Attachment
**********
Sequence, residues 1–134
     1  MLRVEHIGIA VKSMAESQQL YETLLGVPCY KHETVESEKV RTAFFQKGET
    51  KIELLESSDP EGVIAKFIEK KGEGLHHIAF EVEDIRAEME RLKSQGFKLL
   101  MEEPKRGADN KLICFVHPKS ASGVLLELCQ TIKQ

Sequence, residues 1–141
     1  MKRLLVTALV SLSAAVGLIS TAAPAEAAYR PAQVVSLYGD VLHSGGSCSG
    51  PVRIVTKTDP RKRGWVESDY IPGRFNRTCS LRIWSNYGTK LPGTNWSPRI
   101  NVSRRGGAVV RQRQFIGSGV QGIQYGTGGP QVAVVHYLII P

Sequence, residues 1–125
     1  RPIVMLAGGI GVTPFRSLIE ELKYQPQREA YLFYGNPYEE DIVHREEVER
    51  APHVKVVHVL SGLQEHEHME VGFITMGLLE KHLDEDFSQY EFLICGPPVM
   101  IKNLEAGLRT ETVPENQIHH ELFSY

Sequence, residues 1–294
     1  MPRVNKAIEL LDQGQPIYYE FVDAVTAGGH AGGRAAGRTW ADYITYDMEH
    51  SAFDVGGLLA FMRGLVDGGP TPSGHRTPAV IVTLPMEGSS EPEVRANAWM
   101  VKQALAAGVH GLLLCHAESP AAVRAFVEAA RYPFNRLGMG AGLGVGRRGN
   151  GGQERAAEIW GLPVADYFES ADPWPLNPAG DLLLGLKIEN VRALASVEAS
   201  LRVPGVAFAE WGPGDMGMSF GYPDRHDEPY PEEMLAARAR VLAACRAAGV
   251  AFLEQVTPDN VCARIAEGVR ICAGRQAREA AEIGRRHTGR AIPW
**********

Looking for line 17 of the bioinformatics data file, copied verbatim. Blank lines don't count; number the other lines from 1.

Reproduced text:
   151  GGQERAAEIW GLPVADYFES ADPWPLNPAG DLLLGLKIEN VRALASVEAS